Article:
"Two generations ago, Japanese couples did not bother buying diamond engagement rings. Then the De Beers diamond cartel, through an intensive advertising campaign in the 1970s, convinced Japanese women that they deserved a ring just like Western women. A new standard was imposed: Japanese men must spend at least two months’ salary on a colourless lump of carbon to demonstrate their romantic commitment. Japanese marriages are probably no happier than a generation ago, but De Beers is richer," says Geoffrey Miller in his award winning essay Waste: A Sexual Critique of Consumerism.

3 comments:

Angela Breidenbach said...

Yay, you're blogging:-) I didn't know anything about diamonds when I was engaged. I know a little more now. Funny thing is that I'll bet most women would rather have something else, but we Americans somehow establish consumerism that sticks forever! I used to live in Spain. For three years, I had no consumerism at Christmas time. When I came back to the states, it actually overwhelmed me. I still don't like it. I love Christmas Eve and midnight services. I love singing the carols, but I don't want it all in my face to push the "buy, buy, buy" mentality. The same with diamonds. I think we Americans have been taught by our media to be lemmings. We need to learn to think for ourselves and not follow the crowd or be swayed by advertising. Then, we need to say no to our children and monitor all the junk being focused at them. Help our children and ourselves become more critical of the message the way a scientist is taught to be skeptical of process and results.
Angie
PS How about a post or two on critical communication skills? How could a person break down media/news messages to question the content and the manipulative power? That would be really interesting. Then another on how to discover when the public is being manipulated by the press. (For instance the CNN issue of anti-American newscasts everywhere else spinning news differently on the same stories shown outside the U.S.) Could be interesting stuff.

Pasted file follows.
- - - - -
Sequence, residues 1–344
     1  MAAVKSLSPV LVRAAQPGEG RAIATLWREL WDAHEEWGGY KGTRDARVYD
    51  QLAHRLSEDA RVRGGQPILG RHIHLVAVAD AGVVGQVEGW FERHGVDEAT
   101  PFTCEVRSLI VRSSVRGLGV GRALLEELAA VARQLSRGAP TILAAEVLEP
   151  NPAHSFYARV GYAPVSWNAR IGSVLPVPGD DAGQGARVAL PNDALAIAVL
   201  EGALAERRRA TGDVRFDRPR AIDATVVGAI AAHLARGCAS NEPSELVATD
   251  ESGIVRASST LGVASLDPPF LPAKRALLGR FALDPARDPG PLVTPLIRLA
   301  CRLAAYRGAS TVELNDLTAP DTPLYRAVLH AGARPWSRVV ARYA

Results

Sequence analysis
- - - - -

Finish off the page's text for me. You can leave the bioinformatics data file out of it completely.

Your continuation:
Alasdair said...

I know something cool about diamonds... they are great conductors. Anytime I need to escape from an ice prison, I just use my earring to (slowly) work my way free. :)

Look, in today's age of "synthetic" gems made in laboratories, you can have a diamond or sapphire or whatever without the mining problem. The mining companies, of course, try to convince people that "real" diamonds are better, but that's hogwash.

It seems to me that if people want to provide a deeply symbolic (aka deeply expensive) sign of betrothal and marriage, they'd be better off working with a jeweler who would handcraft a one-of-a-kind item and could - like the organic farmer - vouch for the provenance of the materials involved. Antiques are nice, too!

But nobody tells you that when you're 24 and trying to impress the hot girl...

Johnny Yen said...

Diamonds are actually about as scarce as gravel-- the geologic conditions that form them are very common.

Emeralds, on the other hand, are rare-- it takes a very specific and unusual set of geologic conditions to form them (I read this in a National Geographic article about Emeralds).

The rarity-- and high cost-- of diamonds was a consequence of the Debeer's cartel keeping them artificially scarce. This is breaking up as diamonds are mined in places like Russia and Canada.